Verizon apologizes for throttling California firefighters’ data

The wireless provider says ‘a customer support mistake’ led to some firefighters being charged double for internet access while battling raging wildfires. Critics cite the end of net neutrality.

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In combatting the unprecedented wildfires ravaging California this summer, firefighters have relied on mobile technology for support.

However, at least one fire department was forced to pay double when Verizon throttled its data.

In data throttling, mobile phone providers slow data-loading speeds once a customer has reached a monthly threshold, even under unlimited data plans—much like cutting the water pressure for a fire hose.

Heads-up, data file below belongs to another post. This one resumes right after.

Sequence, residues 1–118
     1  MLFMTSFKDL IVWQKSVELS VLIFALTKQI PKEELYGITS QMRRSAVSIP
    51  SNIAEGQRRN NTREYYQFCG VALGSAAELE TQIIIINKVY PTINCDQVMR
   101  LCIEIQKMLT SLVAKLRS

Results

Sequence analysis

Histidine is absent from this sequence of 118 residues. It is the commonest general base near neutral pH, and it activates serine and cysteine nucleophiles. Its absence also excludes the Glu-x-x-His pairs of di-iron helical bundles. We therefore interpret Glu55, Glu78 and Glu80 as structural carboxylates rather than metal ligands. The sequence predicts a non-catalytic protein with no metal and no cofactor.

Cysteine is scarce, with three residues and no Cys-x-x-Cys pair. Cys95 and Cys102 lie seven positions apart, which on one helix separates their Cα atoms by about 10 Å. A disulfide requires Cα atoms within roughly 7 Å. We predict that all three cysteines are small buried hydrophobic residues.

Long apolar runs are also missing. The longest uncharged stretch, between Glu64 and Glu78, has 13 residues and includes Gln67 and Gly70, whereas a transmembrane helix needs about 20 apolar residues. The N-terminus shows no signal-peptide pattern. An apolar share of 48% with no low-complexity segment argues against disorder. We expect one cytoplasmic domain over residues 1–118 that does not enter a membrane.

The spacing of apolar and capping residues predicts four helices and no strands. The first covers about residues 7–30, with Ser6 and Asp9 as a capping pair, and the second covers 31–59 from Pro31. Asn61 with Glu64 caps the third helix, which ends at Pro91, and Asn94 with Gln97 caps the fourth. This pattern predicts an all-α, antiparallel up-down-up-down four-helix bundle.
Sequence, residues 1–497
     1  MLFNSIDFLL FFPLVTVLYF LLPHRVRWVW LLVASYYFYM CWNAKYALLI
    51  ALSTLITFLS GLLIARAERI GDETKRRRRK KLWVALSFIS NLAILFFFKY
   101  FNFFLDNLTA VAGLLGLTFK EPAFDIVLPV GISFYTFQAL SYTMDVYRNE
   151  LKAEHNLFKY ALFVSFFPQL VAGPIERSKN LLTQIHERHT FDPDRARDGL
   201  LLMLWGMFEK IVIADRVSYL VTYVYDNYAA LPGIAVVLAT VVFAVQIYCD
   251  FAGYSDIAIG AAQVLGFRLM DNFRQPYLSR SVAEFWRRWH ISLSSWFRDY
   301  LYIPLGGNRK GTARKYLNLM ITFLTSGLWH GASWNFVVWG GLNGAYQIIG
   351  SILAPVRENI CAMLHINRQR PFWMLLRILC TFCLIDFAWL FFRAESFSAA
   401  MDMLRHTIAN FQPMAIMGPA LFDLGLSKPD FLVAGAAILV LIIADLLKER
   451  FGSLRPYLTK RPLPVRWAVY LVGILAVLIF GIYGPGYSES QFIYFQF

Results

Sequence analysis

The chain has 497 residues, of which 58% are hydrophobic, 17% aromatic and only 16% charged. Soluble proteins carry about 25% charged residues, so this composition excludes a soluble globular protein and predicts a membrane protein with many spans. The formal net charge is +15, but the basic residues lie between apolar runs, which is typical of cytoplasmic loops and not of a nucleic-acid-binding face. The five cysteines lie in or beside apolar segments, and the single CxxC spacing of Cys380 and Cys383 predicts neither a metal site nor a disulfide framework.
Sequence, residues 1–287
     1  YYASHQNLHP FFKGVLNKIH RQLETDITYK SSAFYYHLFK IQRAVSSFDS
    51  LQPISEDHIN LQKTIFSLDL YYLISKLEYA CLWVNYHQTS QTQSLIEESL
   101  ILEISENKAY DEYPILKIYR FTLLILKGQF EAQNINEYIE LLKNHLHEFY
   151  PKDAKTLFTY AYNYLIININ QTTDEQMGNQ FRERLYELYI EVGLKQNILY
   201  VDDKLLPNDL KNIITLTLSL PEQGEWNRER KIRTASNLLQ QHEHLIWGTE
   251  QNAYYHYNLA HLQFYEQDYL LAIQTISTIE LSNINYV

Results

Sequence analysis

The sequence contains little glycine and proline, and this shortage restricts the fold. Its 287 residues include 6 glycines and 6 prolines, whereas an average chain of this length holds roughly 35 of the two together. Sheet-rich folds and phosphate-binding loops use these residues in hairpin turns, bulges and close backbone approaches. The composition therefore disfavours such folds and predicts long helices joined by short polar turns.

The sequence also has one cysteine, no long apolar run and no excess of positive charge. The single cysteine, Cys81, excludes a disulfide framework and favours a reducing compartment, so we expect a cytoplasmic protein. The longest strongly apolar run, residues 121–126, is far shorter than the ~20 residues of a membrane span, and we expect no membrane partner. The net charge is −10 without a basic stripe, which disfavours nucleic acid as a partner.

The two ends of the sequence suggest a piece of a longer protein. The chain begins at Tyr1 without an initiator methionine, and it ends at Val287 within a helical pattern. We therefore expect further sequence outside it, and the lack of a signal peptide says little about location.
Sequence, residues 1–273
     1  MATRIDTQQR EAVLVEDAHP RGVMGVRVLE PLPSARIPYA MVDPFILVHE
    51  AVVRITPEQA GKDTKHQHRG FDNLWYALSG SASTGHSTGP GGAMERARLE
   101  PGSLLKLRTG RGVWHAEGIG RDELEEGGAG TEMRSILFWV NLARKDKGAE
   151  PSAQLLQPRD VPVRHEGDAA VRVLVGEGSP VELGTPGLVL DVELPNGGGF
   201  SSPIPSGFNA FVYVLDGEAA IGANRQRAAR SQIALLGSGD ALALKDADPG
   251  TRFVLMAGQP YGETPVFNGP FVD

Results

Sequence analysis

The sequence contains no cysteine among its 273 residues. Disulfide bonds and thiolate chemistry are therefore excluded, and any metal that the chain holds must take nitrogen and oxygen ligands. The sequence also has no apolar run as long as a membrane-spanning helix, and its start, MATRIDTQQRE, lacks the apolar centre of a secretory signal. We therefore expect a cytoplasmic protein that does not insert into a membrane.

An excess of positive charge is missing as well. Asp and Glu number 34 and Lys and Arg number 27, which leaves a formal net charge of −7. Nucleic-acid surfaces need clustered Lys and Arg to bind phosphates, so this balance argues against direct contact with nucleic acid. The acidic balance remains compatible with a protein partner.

Ars Technica reported:

“County Fire has experienced throttling by its ISP, Verizon,” Santa Clara County Fire Chief Anthony Bowden wrote in a declaration.


Santa Clara Fire paid Verizon for “unlimited” data but suffered from heavy throttling until the department paid Verizon more, according to Bowden’s declaration and emails between the fire department and Verizon that were submitted as evidence.

The revelations are part of the ongoing legal battle over net neutrality—laws and regulations regarding how consumers should pay for internet access.

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